Article courtesy of Kulwinder Sandhu | August 7, 2015 | The Tribune | Shared as educational material
The government has decided to provide clean drinking water to residents of 85 villages in Moga district through canals. The underground water in these villages has traces of uranium and arsenic, posing threat to people’s health.
Additional Deputy Commissioner (ADC) Arvinder Pal Singh Sandhu said Rs 250 crore had been earmarked for this purpose in association with the World Bank under the Punjab Rural Water and Sanitation Sector Improvement Project.
He said 85 villages in Moga-I, Baghapurana and Nihalsinghwala blocks would be covered under the project. The underground water in these villages is polluted with traces of uranium, deadly arsenics and other impurities.
The drinking water to these villages will be supplied from the Abohar branch of canal. The water will be filtered using modern technologies and then supplied to the people through pipelines.
The ADC said 18 villages would be covered during the current financial year and tenders had been floated for four villages.
A senior officer of the Water Supply and Sanitation Department said harmful traces of uranium and heavy metals had been found in the underground water at more than 150 villages of the 252 villages, tested, so far, in Moga. There are a total of 337 villages in the district.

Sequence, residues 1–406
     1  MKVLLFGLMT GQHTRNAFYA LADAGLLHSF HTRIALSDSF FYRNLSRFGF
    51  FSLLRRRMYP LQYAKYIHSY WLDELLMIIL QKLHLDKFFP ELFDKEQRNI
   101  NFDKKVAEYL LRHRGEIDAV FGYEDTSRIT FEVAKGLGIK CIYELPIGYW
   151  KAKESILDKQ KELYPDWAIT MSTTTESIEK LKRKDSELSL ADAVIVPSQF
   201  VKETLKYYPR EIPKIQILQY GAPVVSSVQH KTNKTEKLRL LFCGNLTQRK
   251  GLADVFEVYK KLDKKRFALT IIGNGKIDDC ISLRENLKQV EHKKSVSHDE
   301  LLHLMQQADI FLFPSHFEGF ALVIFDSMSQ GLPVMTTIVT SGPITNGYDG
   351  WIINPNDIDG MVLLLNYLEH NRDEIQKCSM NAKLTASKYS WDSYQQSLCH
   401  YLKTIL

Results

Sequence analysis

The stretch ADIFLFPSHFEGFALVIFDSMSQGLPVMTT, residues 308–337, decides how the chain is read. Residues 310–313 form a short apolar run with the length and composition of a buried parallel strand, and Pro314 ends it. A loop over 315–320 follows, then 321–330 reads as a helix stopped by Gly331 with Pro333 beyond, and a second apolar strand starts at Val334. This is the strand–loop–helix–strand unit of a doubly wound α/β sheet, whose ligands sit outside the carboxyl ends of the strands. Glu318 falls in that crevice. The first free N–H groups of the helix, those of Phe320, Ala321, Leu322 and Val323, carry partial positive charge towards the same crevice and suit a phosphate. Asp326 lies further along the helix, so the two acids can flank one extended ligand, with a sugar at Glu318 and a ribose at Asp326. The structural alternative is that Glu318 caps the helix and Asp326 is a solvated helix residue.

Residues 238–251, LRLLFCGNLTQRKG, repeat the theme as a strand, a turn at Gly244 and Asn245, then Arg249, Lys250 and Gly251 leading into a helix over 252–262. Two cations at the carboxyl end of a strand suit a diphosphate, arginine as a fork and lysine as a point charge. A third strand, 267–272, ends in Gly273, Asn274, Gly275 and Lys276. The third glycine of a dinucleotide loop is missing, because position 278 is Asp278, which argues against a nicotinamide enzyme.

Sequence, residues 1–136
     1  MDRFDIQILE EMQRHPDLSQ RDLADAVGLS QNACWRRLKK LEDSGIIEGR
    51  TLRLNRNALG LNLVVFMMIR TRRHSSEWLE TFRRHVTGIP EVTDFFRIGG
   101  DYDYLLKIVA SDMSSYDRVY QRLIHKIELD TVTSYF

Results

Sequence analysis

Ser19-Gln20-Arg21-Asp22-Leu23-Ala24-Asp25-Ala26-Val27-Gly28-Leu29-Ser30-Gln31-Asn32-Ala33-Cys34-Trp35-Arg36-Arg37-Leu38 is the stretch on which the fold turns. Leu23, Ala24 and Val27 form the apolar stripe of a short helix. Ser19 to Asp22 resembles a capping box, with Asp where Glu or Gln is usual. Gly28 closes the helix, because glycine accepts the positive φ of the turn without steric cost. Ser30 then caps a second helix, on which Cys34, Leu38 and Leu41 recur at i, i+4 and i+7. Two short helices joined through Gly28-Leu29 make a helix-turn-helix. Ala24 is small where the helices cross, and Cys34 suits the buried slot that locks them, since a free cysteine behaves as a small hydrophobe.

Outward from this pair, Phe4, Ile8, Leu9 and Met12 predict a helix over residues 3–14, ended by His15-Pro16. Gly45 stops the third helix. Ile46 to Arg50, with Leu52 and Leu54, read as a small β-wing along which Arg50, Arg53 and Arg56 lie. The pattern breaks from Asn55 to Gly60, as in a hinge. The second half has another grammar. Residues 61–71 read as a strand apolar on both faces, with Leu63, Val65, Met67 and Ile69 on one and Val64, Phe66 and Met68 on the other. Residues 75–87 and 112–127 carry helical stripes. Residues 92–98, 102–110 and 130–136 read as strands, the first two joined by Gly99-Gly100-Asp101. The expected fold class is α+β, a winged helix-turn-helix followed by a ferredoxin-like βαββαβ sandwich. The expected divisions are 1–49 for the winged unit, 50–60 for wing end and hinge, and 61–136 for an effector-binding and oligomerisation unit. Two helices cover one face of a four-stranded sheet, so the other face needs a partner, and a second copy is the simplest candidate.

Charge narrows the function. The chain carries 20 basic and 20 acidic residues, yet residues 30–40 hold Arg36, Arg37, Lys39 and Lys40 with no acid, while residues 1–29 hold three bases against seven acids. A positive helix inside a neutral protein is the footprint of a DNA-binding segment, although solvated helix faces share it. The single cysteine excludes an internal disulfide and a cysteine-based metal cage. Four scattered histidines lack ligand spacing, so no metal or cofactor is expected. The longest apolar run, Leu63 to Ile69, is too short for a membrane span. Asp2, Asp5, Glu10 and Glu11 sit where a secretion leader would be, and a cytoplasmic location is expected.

The traces of uranium had been found in the underground water in 82 villages and the district headquarters in Moga city, aluminium contents in 21 villages; nitrate, iron, nickel, lead in 52 villages and mercury, selenium in one village each. Iron content has been found in excess in 35 villages. Moreover, in the past 10 years, more than 2,200 people had died of various types of cancer in Moga district.
Earlier, the department had installed 202 reverse osmosis (RO) plants in 193 villages; besides, five in Baghapurana town and one at the mini-secretariat in Moga city to provide clean drinking water to the people. The proposals of 50 more RO plants were also under consideration.
Barjinder Singh Brar, chairman, Punjab Health Systems Corporation, said the state government was committed to providing clean drinking water to the uranium-hit villages to save the lives of people from deadly diseases.